Webb Wilder - he came from Mississippi
First there was John Webb McMurry. Then came Webb Wilder, a character that McMurry created to play a backwoods private investigator who also played in a band in his first film role. Before that, though, there was McMurry’s Aunt Lillian.
Any guitar-playing Mississippi boy in thrall to Elvis Presley and excited by the 1960s British invasion, especially the Kinks, the Stones and Small Faces, would have valued McMurry’s Aunt Lillian. The operator of a small record label, she captured for posterity prime tracks by bluesmen including Elmore James and Sonny Boy Williamson. She never tried to influence her nephew’s tastes but her knowledge did help him to appreciate his home state’s rich musical history.
“Mississippi is kind of a great place to come from,” says Wilder, who kept his film character’s name and went on to make enough good music of his own to earn an induction into the Mississippi Musicians’ Hall of Fame in 2011, joining heroes including Muddy Waters, B.B. King, Bo Diddley, Elvis Presley, and Jerry Lee Lewis. “You have to leave the state to make your mark in your chosen pursuit.”
Wilder left Hattiesburg, Mississippi for Austin, Texas in 1976, eight years after forming his first band as a fourteen year old.
“I’m sure it sounded awful,” he says. “There are no recordings, thank goodness, because I shudder to think about the noise we made. But we were lucky in that there was a local teen centre, where young bands got to play to an audience and it was a real proving ground. I think we might have played the Kinks’ I Gotta Move, which I covered on my latest album, Mississippi Moderne, even then because it was the B-side of one of their breakthrough hits, All Day and All of the Night, and it made a big impression on us early teens at the time.”
In Austin he and his childhood friend Bobby Field, later known as the respected record producer R.S. Field, honed their high energy blend of rhythm and blues and country twang. It was here that they met Steve Mims, a budding film director who gave Wilder his first shot in front of the camera.
“People often assume that I’d been a child actor, doing plays at school and that sort of thing,” says Wilder. “I was always dreaming of being in showbusiness but beyond being the class clown and doing impressions and imitating dialects, I had no acting experience. I did an acting course for one semester at college but it was all about acting for the stage and didn’t really interest me. I was much more interested in film and when the opportunity came, it was very much rough and tumble, learning on the job, making it up as you go along.”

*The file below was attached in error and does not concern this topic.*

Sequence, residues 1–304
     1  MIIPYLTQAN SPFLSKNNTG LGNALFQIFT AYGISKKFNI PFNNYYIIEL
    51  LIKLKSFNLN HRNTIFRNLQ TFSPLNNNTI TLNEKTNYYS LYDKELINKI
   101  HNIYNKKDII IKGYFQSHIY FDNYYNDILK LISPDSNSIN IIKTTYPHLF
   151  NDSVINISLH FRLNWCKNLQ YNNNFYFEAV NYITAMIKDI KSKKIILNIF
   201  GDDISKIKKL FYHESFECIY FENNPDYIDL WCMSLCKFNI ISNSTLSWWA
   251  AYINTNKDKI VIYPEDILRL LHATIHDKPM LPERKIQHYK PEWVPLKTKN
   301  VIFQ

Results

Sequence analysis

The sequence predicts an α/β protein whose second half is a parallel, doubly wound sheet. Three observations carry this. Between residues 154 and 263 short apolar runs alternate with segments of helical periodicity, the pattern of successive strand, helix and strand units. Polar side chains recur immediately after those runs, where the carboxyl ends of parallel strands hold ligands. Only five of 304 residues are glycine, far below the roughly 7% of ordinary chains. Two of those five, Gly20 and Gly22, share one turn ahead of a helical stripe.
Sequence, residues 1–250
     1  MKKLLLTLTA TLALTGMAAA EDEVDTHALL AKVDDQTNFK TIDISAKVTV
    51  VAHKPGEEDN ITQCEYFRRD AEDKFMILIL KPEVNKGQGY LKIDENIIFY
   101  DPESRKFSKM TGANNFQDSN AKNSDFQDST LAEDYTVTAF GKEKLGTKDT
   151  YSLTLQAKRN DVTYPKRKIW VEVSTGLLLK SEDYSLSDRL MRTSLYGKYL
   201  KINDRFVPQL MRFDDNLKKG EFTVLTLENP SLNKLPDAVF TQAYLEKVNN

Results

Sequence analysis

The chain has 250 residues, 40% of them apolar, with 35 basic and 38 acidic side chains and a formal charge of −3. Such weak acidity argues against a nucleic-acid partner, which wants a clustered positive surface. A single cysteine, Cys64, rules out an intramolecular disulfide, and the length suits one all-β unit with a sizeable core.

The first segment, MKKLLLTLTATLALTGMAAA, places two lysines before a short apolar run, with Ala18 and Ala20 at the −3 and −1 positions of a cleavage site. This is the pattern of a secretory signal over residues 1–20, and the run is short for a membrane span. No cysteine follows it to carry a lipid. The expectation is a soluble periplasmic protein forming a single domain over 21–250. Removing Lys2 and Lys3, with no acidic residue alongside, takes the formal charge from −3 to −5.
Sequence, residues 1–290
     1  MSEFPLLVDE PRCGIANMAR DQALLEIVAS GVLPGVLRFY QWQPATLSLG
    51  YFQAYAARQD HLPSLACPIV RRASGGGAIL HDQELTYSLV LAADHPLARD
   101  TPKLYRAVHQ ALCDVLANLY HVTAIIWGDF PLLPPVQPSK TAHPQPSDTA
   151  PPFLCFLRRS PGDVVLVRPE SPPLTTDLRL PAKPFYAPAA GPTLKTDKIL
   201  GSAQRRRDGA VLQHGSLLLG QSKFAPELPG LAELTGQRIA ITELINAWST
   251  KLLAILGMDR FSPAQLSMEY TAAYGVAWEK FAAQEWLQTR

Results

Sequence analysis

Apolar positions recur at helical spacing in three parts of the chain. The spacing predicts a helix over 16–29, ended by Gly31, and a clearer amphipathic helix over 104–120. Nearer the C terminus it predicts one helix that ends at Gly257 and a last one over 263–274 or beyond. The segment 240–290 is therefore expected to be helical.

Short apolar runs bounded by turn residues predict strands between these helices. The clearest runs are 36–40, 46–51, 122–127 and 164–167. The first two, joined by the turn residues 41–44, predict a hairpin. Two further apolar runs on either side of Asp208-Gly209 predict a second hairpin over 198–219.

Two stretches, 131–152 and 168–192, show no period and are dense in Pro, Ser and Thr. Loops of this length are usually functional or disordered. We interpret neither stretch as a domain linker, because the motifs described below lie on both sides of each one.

His Webb Wilder character served him well, becoming a cult hero for late-night viewers, and he landed other roles, including a hotel manager in The Thing Called Love. Today, he says, he’s “eminently castable as some sort of old geezer”. He recently got called to audition for such a part, only for an ice storm to prevent his plane taking off from Nashville, which has been his base since 1982.
“I have an agent and I’d like to do more film work but I keep busy with music,” he says. His discography, ten albums in thirty years, doesn’t suggest a driven, prolific artist and he concedes that he’s never understood how people can release an album a year.
“I’ve never been the kind of songwriter who can sit down and produce work,” he says. “I’ll have a snatch of a tune come into my head and it’ll come out of my mouth in a certain way and become a song. Or I’ll think up a title and make something from that. It’s generally in my unguarded moments that ideas come. Sometimes when I co-write [Only a Fool from Mississippi Moderne was written with the legendary Dan Penn] an idea will blossom spontaneously in the room between the two of us but usually one of us will say, I’ve been thinking about this and the other person expands on it.”
His latest trip to the UK brings Wilder to Kinross, his first Scottish appearance since two gigs he played with his band in Glasgow in the 1990s, once at Barrowland supporting the Georgia Satellites and once at King Tut’s. This time he’s playing solo, something he found intimidating at first.
“When you’ve been used to playing in a band, you can feel a bit exposed standing there with just an acoustic guitar,” he says. “I used to think that to carry it off you had to be one of those dyed-in-the-wool folkie fingerpickers but I’ve come to enjoy solo gigs. I talk to the audience more and it’s more flexible than being with a band. I try and play what people have come out to hear as well as what I want to play, so we all get something from it.”
From The Herald, April 20, 2016